Maintenance Act changes a relief or a burden?
In order for this amendment to be implemented, the maintenance officer may apply to the maintenance court (via the maintenance court clerk) to issue a directive to the cellphone service provider to furnish all the contact information of the maintenance defaulter.
The information provided by the cellphone service provider in turn has a cost implication. This cost will be paid by either the Justice Department or the maintenance applicant. The challenge with the implementation of this is threefold:
(1) The Justice Department already has a thinly stretched budget and paying for this service may not be feasible.
(2) The applicants are approaching the court for financial assistance and paying this cost implication may not be feasible.
(3) The maintenance courts are heavily understaffed.
The solution to the first two scenarios, perhaps, is that legislation should have made provision for the cellphone service provider to deduct the cost implication from the actual maintenance defaulter.
This would have served as a further deterrent to others defaulting on their maintenance.
The solution to the third scenario is far more complex as it involves a change of government policy. Since October 2014, when minister of finance Nhlanhla Nene announced the two-year blanket government job freeze, the workload on government departments has increased due to legislation amendments such as these.
In the instance of Cape Town Maintenance Court, it provides services to applicants who not only live in the court’s jurisdiction but also those who work there.
Currently, there is only one maintenance officer shouldering the massive workload of what should be three maintenance officers.
Maintenance officers are people with a law degree who are employed to assist in determining the financial assistance required to maintain a child, which maintenance must be reasonable and affordable and in the child’s best interests.
The Justice Department has always had a high turnover of legally qualified staff, and not being able to fill these gaps as it arises will affect the maintenance courts negatively in that these courts will not be able to finalise maintenance matters within the promised target of 90 days after proper service upon the respondent or maintenance defaulter.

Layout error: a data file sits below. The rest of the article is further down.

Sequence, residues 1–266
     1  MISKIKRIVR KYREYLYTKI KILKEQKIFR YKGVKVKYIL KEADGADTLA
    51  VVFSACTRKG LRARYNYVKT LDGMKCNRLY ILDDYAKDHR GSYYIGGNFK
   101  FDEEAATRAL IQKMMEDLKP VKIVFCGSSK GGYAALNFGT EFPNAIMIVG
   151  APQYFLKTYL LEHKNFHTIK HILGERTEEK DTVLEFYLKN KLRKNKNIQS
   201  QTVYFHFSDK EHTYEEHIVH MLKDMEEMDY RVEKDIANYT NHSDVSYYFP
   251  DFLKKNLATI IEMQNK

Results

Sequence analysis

This in turn has a negative impact on our children, as they are the beneficiaries of these maintenance applications for financial assistance.
The challenge with the blacklisting of maintenance defaulters with credit bureaus so that they do not qualify for credit is that this might further hamper their ability to maintain their children, compounding the negative impact on our children.
The Children’s Act, in echoing the sentiments of the constitution, states: “In all matters concerning the care, protection and well-being of a child, the standard that the child’s best interest is of paramount importance, must be applied”.
Government should lead by example in realising this constitutional principle and not just by paying lip service during campaigns such as 16 Days of Activism For No Violence against Women and Children.
Government needs to uplift the blanket government job freeze and provide sufficient budget to the Justice Department in order to ensure that the children’s best interests are upheld.
Joy Van der Heyde is an attorney practising at Schuld Inc specialising in family law and children’s rights and was previously employed as the senior legal administrative officer with the Department of Justice and Constitutional Development. She oversaw the implementation of legislation affecting the rights of families and children.
** The views expressed here are not necessarily those of Independent Newspapers.